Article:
China says some at climate talks want to kill Kyoto

China accused some developed nations on Friday at United Nations climate talks of seeking to kill the Kyoto Protocol pact to curb global warming, in a damaging standoff with Japan, Russia and Canada.

Venezuela and Bolivia also branded some rich countries “unacceptable” for distancing themselves from the Kyoto accord, stepping up sparring before ministers arrive for next week’s climax of the November 29—December 10 talks in the Mexican beach resort of Cancun.

Developing countries favor an extension of the 1997 protocol, which obliges only developed nations to cut greenhouse gas emissions until 2012, while many rich nations prefer a new agreement that includes emerging economies led by China.

Some countries “even want to kill the Kyoto Protocol, to end the Kyoto Protocol,” Huang Huikang, a special representative for climate change negotiations at China’s Foreign Ministry, told reporters. “This is a very worrying movement.”

The future of the 1997 Kyoto pact was the main hurdle at the 194-nation talks that are seeking to agree a modest package of measures to slow global warming, said Huang.

Ambitions are low after the 2009 Copenhagen summit failed to agree on a binding UN treaty.

The UN climate chief said Kyoto backers and opponents were poles apart and called for compromise on a deal to help slow what the UN panel of climate experts says will be more floods, droughts, desertification and rising ocean levels.

“It is of course a position that is 180 degrees opposite,” said Christiana Figueres, executive secretary of the UN climate body, naming reluctant Kyoto members Canada, Russia and Japan in contrast to Venezuela and Bolivia.

“I don’t think that it will be possible to guarantee a second commitment period here in Cancun. I know for sure that Cancun cannot obliterate the possibility,” she said.

A Japanese negotiator, Akira Yamada, sitting beside Huang at a news conference, said, “Kyoto killing is a kind of propaganda wording.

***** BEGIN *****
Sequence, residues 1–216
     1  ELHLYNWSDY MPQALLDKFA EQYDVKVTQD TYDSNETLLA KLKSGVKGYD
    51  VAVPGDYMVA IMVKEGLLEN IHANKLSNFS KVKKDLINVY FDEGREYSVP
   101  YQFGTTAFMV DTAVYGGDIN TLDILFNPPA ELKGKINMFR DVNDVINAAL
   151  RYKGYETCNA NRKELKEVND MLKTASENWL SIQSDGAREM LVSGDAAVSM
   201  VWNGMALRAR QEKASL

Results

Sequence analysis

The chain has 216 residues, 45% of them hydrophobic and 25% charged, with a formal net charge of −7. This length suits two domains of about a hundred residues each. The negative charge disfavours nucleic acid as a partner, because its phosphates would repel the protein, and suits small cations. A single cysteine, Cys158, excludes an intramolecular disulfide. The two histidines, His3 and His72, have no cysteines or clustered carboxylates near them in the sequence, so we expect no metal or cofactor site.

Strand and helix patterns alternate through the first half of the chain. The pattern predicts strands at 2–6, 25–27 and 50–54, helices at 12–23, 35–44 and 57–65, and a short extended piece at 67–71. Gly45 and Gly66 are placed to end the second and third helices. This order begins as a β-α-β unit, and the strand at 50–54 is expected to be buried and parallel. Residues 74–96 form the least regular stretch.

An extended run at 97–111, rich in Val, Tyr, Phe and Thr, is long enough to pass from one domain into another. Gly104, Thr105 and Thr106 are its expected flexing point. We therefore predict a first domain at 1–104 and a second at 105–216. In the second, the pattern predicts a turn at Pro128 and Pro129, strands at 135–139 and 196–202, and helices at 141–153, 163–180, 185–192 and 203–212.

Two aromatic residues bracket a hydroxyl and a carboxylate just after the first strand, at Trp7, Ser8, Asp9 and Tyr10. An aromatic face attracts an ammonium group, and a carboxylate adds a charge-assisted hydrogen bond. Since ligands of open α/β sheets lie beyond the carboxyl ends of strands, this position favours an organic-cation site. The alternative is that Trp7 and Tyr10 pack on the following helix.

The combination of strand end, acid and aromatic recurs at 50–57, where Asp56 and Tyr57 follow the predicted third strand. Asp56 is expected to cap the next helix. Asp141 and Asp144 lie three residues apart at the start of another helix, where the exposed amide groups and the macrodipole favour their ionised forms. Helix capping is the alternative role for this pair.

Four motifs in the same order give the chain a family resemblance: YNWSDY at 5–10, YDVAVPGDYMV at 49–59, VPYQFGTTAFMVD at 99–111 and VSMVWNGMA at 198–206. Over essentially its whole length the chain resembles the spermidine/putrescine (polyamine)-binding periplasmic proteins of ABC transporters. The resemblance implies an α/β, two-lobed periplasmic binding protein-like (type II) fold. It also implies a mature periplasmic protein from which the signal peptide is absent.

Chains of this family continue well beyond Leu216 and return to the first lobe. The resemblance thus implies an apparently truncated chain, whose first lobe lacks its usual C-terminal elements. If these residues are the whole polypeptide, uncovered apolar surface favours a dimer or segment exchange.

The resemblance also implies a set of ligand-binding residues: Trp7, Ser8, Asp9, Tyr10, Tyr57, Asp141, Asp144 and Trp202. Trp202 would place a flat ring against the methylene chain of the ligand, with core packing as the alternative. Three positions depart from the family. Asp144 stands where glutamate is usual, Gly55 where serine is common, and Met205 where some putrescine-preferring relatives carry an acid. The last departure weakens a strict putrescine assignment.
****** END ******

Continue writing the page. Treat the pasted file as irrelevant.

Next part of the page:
Japan does not want to kill Kyoto.”

A text drafted by experts on Friday, obtained by Reuters, outlined two options for breaking the Kyoto deadlock.

One option specifically mentions future cuts as part of Kyoto. The other urges deeper emissions reductions by the rich and the launch of a vague “process ... without prejudice to final form and outcome or relationship to Kyoto Protocol”.

‘In the balance’
The Kyoto impasse stalled progress on a deal to save tropical forests, said Figueres, and it was unclear whether the Cancun talks would be able to launch a fund to channel aid to poor nations.

Cancun is a test of whether the UN talks can advance when many nations are struggling with anemic growth and disputes ranging from trade to currencies. Failure would be a blow to the UN as the main forum for designing a world economic model less dependent on fossil fuels.

The head of the US delegation, Todd Stern, said the Cancun outcome “hung in the balance”.

“It may be that the Kyoto problems tie this whole conference up but I’m very hopeful that doesn’t happen.”

He said that instead of a legally binding deal, the world may have to focus on achievable targets including progress on climate aid, forests and putting into action nonbinding emissions pledges countries made last year in Copenhagen.

Kyoto binds almost 40 developed nations to cut their greenhouse gas emissions by an average 5,2% below 1990 levels by 2008 to 2012, and commits parties to an extension. The US never ratified the protocol.

Carbon emissions trading markets want assurances of policies beyond 2012 to guide investments. The International Energy Agency says $18-trillion needs to be spent by 2030 to ensure a shift from fossil fuels toward cleaner energies.—Reuters

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